Category Archives: Code of conduct for fitness professionals

Metatrainers: we do more for you than you think!

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Meta- definition: of second order, higher kind. Beyond.

We personal trainers do so much more than the obvious, even the invisible on the internal health level.

Yes, it’s widely already perceived and known that we help you get stronger, move better, leaner, bigger and that in the process, we get you healthier by means of exercise, but improving your nutrition, and in turn your vitals, so you do better at your annual physical, hopefully get off some meds etc.

Our influence on our clients extends far beyond that too. We are soundboards for your relationship troubles, dating coaches (seeing as we see many types of people and interact with them on intimate platonic professional levels, but still are privy to personal info), business advisors, trip planners, area experts, connectors/relationship builders, networkers etc.

Those of us who do not label ourselves “life coaches” actually are better life coaches than those who claim that gig, because we’re also business friends and do not charge you extra for that. We can sometimes hang out, participate in a Spartan Race or Tough Mudder together, grab a brewski during happy hour if time permits (those of us trainers with kids and a spouse are less flexible, but I remember those days).

Our interactions with people in all professions, our ongoing customer service, being constantly accountable for everything we do as it directly reflects our business with you, our dear clients, to continue delivering results, progress, advice is what make us metatrainers, “beyond” trainers, like metalanguage, metaphysics (and not metabolic trainers, which is too obvious a concept and clearly, way cheesier).

Tell me, who else in your professional and personal dealings offers you the vast umbrella of services and perspectives that we personal trainers and coaches offer? Looking for rules, not exceptions.

Remember this: we love what we do, and we do care about you sometimes more than you do about yourself. Very few of us are ever going to get rich doing this. Help us out by spreading the word to your friends, everyone needs a trainer at some point 😉


Trainers need to stop!

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I believe the lasting personal trainer goes through a variety of phases, before even potentially coming back full circle, professionally speaking.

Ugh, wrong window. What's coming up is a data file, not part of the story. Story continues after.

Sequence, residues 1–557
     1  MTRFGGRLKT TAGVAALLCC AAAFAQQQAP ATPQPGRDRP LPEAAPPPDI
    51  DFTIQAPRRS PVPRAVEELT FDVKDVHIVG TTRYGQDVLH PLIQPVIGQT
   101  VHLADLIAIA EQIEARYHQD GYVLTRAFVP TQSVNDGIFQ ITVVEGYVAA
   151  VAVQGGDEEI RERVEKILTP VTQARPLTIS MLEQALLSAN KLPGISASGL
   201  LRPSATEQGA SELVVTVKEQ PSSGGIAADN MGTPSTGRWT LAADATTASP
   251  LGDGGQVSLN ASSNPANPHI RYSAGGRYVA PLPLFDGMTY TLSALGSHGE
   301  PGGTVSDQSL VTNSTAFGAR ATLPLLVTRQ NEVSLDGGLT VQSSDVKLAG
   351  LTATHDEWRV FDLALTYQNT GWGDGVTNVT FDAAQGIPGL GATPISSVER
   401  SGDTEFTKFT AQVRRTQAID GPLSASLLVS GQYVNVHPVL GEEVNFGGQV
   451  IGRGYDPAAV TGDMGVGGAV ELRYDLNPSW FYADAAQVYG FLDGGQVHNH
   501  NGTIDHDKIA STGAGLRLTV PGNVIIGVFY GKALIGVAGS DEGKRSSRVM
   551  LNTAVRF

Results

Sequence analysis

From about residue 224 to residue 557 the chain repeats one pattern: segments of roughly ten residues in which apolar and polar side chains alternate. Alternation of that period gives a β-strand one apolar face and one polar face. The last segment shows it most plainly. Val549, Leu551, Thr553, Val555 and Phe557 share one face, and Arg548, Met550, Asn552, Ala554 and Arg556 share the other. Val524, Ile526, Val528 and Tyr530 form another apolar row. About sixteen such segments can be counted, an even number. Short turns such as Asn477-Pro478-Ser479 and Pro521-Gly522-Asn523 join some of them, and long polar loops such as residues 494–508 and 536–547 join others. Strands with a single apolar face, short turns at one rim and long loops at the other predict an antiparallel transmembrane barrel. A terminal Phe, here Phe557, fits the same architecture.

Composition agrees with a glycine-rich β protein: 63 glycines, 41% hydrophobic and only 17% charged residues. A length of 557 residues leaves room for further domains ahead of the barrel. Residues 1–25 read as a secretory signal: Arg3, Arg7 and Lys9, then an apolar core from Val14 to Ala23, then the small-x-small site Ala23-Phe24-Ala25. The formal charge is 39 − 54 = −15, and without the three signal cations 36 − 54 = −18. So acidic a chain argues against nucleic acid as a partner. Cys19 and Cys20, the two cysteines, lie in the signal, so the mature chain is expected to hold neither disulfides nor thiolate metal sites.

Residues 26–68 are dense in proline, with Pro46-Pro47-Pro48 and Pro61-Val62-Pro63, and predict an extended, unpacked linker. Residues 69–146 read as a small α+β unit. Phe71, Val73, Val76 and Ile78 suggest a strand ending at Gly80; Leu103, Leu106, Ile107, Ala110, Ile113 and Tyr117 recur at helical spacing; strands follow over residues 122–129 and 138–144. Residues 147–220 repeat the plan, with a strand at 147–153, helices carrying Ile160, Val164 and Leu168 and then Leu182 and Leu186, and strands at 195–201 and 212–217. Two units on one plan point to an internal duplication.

At first, pre-training as a job, the individual is a fitness enthusiast seeking to earn a living doing what they love, helping others and looking for a reason to spend more time at the gym. Some get a special kind of calling, because their story (neck and spine injury in my case, much like going into martial arts was a result of bullying and low self-confidence) leads them there.

Then comes the certification (nationally accredited). Then, learning how to run a business (a little backwards, which is why if you are a budding trainer, don’t think you’ll figure it out without help, because you won’t do it well. Get a coach, join a box gym, learn the systems and how to sell, even if it’s by not selling with a pitch, though it helps some, if you’re new).

Then, the lasting trainer will seek more education, knowledge as well as acquire new tools for the trade, sometimes not provided by the box gym, other times to populate their boutique gym or their under the table clientèle outside the box gym and at a local park when they begin to branch out and think like a small business owner, while not quitting the day job.

Then, trainers become educators. Some try to immediately instill what they just learned over the weekend for a few thousand dollars, others will implement and apply slowly. Trainers also try to bridge the gap between physical therapy and training, afraid their injured client may go to a physical therapist that would take away their business, as the client would allocate funds other than to their training.

Truth is, delegating to a qualified and capable physical therapist and staying within the scope of the training practice is what keeps trainers in business: know where the training ends, and where the person you trust for body work needs to take over. That occupational therapist, physical therapist, massage therapist, “acupunctor” or other is going to make the training client better and will send them back to the personal trainer sooner.

While we are versed in restorative arts and corrective exercise, not all of us know how to fully help someone recover. We pass the baton or grab it whenever appropriate, expand our network of referrals, clients, prospects and strengthen our reputation with peers and the professionals offering treatments we don’t, so that our clients can continue training with us.

Trainers, know your scope, stay within it, with some crossover of knowledge, but don’t overextend your skill set to where it can become a liability.